anonymous
  • anonymous
Will METAL!! Find the domain of the given function. f(x) = square root of quantity x plus three divided by quantity x plus eight times quantity x minus two. x > 0 All real numbers x ≥ -3, x ≠ 2 x ≠ -8, x ≠ -3, x ≠ 2
Mathematics
  • Stacey Warren - Expert brainly.com
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SOLVED
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chestercat
  • chestercat
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Directrix
  • Directrix
Would you write this out in symbols? I am not following what this equation is: f(x) = square root of quantity x plus three divided by quantity x plus eight times quantity x minus two.
phi
  • phi
Do you see the equation editor in the bottom left? that would be good to use
anonymous
  • anonymous
\[\sqrt{x+3}/(x+8)(x-2)\]

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anonymous
  • anonymous
f(x)= ^
phi
  • phi
meanwhile, the domain are all "legal" x values. In other words, all x values that do not cause trouble. What kinds of trouble? we don't want square roots of negative numbers. if an x value causes that, we don't allow x to be that value no divide by 0: if an x value causes us to divide by 0, we don't allow that. Use those rules to decide which x values are not allowed, and that tells you which are allowed.
phi
  • phi
to answer, first look at \( \sqrt{x+3}\) any idea what x values might cause us to have the square root of a negative number ?
anonymous
  • anonymous
no not sure.
phi
  • phi
negative means less than zero if x+3 < 0 then that means x+3 is negative. And we don't want that we want x+3 >=0 (that means x+3 is 0 or positive) add -3 to both sides , what do you get ?
anonymous
  • anonymous
if you add -3 to both sides then you get x>-3?
phi
  • phi
you mean x>=-3 in other words, if we want x+3 to be zero or bigger we need x+3 >= 0 and that means x >= -3 (otherwise we would have a square root of a negative number, and we don't want that)
phi
  • phi
so \( x\ge -3 \) is part of the answer. next, look that the "bottom" (x+8)(x-2) what happens if x is -8 ?
anonymous
  • anonymous
oh I see it, wow your good.
phi
  • phi
the bottom becomes (-8+8)(-8-2) and -8+8 is 0 0 times anything is 0 in other words the bottom becomes 0, and we would be dividing the top by 0 we don't allow divide by zero. so we can't let x be -8 luckily , x must be >= -3 (to keep the top legal), so we are ok (-8 is smaller than -3, so we won't allow it) but we have (x+8)(x-2) what happens if x= 2 ?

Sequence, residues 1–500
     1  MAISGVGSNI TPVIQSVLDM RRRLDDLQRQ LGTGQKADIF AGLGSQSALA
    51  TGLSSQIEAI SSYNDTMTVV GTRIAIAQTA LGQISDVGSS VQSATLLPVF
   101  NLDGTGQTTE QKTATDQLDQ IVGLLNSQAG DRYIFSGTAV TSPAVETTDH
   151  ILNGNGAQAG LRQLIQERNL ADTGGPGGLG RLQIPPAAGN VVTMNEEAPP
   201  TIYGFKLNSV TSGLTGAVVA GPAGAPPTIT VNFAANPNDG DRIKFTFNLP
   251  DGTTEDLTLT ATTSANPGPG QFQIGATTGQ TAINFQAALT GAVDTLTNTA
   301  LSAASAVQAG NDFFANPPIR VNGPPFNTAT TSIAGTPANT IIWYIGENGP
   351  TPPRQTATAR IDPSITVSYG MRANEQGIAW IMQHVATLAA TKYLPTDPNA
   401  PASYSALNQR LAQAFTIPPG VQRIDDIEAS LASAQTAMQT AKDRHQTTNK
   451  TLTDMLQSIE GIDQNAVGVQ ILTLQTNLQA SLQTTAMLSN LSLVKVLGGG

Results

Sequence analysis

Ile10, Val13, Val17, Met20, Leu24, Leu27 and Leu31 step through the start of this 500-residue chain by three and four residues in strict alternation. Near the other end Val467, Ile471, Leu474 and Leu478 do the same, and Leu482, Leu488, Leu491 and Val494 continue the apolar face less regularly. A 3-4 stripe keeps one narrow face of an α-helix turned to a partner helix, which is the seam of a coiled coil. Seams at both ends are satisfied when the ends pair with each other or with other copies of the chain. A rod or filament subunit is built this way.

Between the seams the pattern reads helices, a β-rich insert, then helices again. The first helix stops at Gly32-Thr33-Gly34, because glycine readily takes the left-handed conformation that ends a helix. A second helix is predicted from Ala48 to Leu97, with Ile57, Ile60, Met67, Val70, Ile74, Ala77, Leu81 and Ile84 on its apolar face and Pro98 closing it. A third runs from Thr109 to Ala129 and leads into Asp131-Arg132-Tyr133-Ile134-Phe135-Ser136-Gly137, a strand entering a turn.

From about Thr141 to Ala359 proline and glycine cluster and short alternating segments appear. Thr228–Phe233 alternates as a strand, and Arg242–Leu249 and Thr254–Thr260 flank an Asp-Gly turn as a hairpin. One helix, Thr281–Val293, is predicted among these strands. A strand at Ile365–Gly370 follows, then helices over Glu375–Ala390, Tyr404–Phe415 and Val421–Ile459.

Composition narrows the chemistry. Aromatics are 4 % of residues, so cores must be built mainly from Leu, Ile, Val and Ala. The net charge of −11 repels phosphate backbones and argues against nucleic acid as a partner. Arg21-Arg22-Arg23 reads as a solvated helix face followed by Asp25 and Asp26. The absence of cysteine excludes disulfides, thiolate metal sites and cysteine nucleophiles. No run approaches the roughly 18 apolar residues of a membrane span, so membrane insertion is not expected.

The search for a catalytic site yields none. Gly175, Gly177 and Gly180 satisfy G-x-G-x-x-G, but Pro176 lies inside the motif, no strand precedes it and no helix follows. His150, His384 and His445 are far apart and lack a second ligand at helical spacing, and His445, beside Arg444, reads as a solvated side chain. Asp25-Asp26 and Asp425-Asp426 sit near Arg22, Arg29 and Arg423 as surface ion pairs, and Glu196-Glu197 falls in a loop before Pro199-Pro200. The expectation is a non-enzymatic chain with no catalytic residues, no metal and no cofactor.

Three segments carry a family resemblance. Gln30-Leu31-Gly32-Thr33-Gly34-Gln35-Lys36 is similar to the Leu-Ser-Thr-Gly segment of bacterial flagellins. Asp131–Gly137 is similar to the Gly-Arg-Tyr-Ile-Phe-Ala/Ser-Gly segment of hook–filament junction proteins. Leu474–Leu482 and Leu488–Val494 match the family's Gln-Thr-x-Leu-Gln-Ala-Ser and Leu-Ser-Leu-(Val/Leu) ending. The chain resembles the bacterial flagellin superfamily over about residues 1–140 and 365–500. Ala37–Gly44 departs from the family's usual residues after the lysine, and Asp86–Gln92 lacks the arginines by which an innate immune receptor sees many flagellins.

anonymous
  • anonymous
(2+8)(2-2)
anonymous
  • anonymous
2-2=0
anonymous
  • anonymous
0 times anything = 0
phi
  • phi
yes, and we have zero. we don't want zero in the bottom so we have to say x is not allowed to be 2 all together, the allowed x values are \[ x\ge-3 , x\ne 2\] which means x is -3 or bigger, but not 2
anonymous
  • anonymous
can we do another?
phi
  • phi
ok
anonymous
  • anonymous
Verify the identity. cos 4x + cos 2x = 2 - 2 sin^2 2x - 2 sin^2 x
phi
  • phi
It looks painful. Do you have the "half-angle" formula for cos 4x ?
anonymous
  • anonymous
isn't it =+-square root 1+ cos theta/ 2
phi
  • phi
there are 3 different versions \[ \cos(2a) = \cos^2(a) - \sin^2(a) = 2\cos^2(a)-1 = 1 - 2 \sin^2(a) \]
phi
  • phi
because in your problem you only have sin on the right side, I would use the last version \[ \cos(2a) = 1 - 2 \sin^2(a) \] can you use that to replace cos(4x) in your problem ?
phi
  • phi
match up cos 4x with cos 2a write cos 4x as cos (2* 2x) and we match cos (2 * a) a is 2x in your problem
phi
  • phi
\[ \cos(2a) = 1 - 2 \sin^2(a) \\ \cos(4x) = ? \]
anonymous
  • anonymous
2-2sin^2(a) ?
phi
  • phi
\[ \cos(2a) = 1 - 2 \sin^2(a) \\ \cos(4x) = 1 - 2 \sin^2(2x) \]
anonymous
  • anonymous
so 1-2sin^2(2x) 1-2sin^2(2x) + cos 2x = 2 - 2 sin^2 2x - 2 sin^2 x
phi
  • phi
yes, and if we add +2sin^2(2x) to both sides, we can simplify that a bit
anonymous
  • anonymous
1-2sin^2(2x) + cos 2x = 2 - 2 sin^2 2x - 2 sin^2 x +2sin^2x +2sin^2x ---------------------------------------------- ?
phi
  • phi
yes
anonymous
  • anonymous
1-2sin^2(2x) + cos 2x = 2 - 2 sin^2 2x - 2 sin^2 x +2sin^2x +2sin^2x ---------------------------------------------- 1(2x) + cos 2x = 2-2 sin^2 (2x) I'm not sure
phi
  • phi
oops, you should add 2 sin^2(2x) (not 2sin^2(x) )
phi
  • phi
1-2sin^2(2x) + cos 2x = 2 - 2 sin^2(2x) - 2 sin^2 x +2sin^2(2x) +2 sin^2(2x) ---------------------------------------------- 1 + cos(2x) = 2 - 2 sin^2(x)
phi
  • phi
It looks like we should use the same rule as before , but now on cos(2x)
anonymous
  • anonymous
1-2sin^2(x)
phi
  • phi
yes, put that in for cos(2x)
anonymous
  • anonymous
1 + cos(2x) = 2 - 2 sin^2(x) ------------------------------------------------ 1-2sin^2(x)= -2sin^2(x)
phi
  • phi
you replace cos(2x) with 1-2sin^2(x) like this 1 + cos(2x) = 2 - 2 sin^2(x) 1 + (1-2sin^2(2x)) = 2 - 2 sin^2(2x) now simplify the left side
phi
  • phi
the left side is \[ 1 + 1 - 2\sin^2(2x) \]
anonymous
  • anonymous
1 + (1-2sin^2(2x)) = 2 - 2 sin^2(2x) ------------------------------- 1+1-2sin^2(2x) = 2-2sin^2(2x) -------------------------------- 2-2sin^2(2x) = 2-2sin^2(2x) yay!
phi
  • phi
yes, both sides are obviously the same.
anonymous
  • anonymous
can we do another problem, not like this one though.
phi
  • phi
one more, but please make it a new post.
anonymous
  • anonymous
ok hold on.

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